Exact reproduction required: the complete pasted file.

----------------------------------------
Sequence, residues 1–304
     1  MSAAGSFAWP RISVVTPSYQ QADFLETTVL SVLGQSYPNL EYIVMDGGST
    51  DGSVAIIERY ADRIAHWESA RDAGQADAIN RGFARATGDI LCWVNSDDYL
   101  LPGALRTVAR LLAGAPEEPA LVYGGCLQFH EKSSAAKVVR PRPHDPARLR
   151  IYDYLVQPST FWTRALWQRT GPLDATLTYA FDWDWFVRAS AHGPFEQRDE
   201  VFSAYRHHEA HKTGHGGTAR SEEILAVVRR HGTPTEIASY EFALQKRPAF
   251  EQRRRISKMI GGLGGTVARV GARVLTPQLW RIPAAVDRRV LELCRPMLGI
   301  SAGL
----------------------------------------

Sequence, residues 1–304
     1  MSAAGSFAWP RISVVTPSYQ QADFLETTVL SVLGQSYPNL EYIVMDGGST
    51  DGSVAIIERY ADRIAHWESA RDAGQADAIN RGFARATGDI LCWVNSDDYL
   101  LPGALRTVAR LLAGAPEEPA LVYGGCLQFH EKSSAAKVVR PRPHDPARLR
   151  IYDYLVQPST FWTRALWQRT GPLDATLTYA FDWDWFVRAS AHGPFEQRDE
   201  VFSAYRHHEA HKTGHGGTAR SEEILAVVRR HGTPTEIASY EFALQKRPAF
   251  EQRRRISKMI GGLGGTVARV GARVLTPQLW RIPAAVDRRV LELCRPMLGI
   301  SAGL